Much of the infrastructure necessary to create LINNE exists as current taxonomic research programs and as biological collections in universities and museums throughout the U.S. However, these stand-alone programs lack the connectivity that permits rapid utilization of specimens and data, and lack ready access to powerful new technologies that reside in only a few specialized laboratories. LINNE will arm taxonomists with tools to overcome impediments by providing access to specimens, literature, data, instruments, and colleagues. With LINNE, taxonomic information will be readily available, facilities housing collections will be modernized to ensure long-term protection of resources, new generations of taxonomists will be educated and provide modern taxonomic revisions, diverse technical expertise will be incorporated into taxonomic research teams, and taxonomic information will be distributed in electronic form. LINNE will result in a quantitative leap forward in taxonomic research as a result of increased synergy.
Taxonomic research is necessarily specimen-based, and biological collections —
repositories of living, preserved, and dried specimens — are required for taxonomic
Collections are growing rapidly in response to the increased pace of exploration made urgent by the biodiversity crisis, and in response to the growth of molecular systematics and the need for archival storage of voucher specimens, tissues, and DNA.
Biological Collections Contain Unique Information
The vast amount of information in collections exists in no other form or place. Much of the information was obtained prior to modern development and constitutes an irreplaceable record of our natural heritage.
Biological Collections are Integral to Scientific Research and Education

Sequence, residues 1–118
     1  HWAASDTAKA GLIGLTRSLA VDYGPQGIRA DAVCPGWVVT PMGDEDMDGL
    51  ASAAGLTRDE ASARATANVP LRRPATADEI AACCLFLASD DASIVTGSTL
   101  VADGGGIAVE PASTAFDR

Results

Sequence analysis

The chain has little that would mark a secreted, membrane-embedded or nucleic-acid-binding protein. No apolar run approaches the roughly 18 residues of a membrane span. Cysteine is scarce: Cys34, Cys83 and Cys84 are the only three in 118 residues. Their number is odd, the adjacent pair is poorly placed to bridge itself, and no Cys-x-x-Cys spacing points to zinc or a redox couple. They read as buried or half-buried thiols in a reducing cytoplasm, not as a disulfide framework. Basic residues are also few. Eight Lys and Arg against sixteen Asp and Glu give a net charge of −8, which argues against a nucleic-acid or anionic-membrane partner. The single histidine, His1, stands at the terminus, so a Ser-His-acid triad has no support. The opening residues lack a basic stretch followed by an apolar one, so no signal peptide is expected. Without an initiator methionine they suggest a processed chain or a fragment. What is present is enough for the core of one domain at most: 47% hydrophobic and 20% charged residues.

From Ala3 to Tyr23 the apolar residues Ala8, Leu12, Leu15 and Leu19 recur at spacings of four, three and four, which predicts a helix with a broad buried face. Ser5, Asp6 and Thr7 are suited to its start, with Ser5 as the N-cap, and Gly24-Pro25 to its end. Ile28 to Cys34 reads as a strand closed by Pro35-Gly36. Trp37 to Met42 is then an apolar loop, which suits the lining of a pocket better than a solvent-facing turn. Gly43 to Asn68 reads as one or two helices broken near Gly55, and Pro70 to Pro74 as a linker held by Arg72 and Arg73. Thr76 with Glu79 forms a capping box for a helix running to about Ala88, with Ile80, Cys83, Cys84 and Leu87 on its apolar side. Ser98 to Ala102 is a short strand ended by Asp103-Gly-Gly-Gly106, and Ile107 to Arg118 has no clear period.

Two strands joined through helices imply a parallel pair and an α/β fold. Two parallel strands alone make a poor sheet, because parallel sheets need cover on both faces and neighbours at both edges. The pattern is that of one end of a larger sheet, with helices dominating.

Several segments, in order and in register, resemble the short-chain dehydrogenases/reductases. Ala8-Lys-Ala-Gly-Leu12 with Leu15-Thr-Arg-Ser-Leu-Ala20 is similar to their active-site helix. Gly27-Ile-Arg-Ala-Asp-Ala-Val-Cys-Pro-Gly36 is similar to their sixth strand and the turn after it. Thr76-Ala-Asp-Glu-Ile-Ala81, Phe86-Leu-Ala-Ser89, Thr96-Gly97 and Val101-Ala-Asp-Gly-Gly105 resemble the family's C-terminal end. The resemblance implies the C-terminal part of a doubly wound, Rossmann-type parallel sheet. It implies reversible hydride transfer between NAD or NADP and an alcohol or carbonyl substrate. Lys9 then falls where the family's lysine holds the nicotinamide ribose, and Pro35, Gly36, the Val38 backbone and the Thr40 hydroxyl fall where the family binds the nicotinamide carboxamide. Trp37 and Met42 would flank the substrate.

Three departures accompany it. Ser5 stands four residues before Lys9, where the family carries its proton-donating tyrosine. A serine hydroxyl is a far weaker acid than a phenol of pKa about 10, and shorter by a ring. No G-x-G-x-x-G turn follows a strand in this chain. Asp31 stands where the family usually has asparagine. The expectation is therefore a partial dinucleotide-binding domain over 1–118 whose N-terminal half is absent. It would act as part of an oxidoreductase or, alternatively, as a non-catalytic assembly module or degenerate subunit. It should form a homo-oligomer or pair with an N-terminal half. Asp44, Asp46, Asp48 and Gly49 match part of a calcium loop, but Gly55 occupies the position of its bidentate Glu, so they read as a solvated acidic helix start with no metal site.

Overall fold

Most collections are maintained at universities and museums and constitute an important component of research and education. The collections are necessary for a variety of scientific research — especially the study of biological diversity — and training of biologists.
Biological Collections Represent a Universal Investment
Biological collections are found in every state and have cost the nation billions of dollars and centuries of effort to amass. With a large number of biological collections, the U.S. enjoys a clear advantage in research and education requiring collection-based data.
DISTRIBUTION OF BIOLOGICAL RESEARCH COLLECTIONS IN THE U.S.
Much of the infrastructure necessary to create LINNE exists as taxonomic research programs and biological collections in universities and museums throughout the United States (as shown at left). However, these stand-alone programs lack the power of connectivity that permits rapid utilization of specimens and data, and lack ready access to powerful new technologies that reside in only a few specialized laboratories. Like the U.S. Interstate Highway System, LINNE has the potential to link all of the disparate information in these collections into a common, Internet-accessible cyberlaboratory.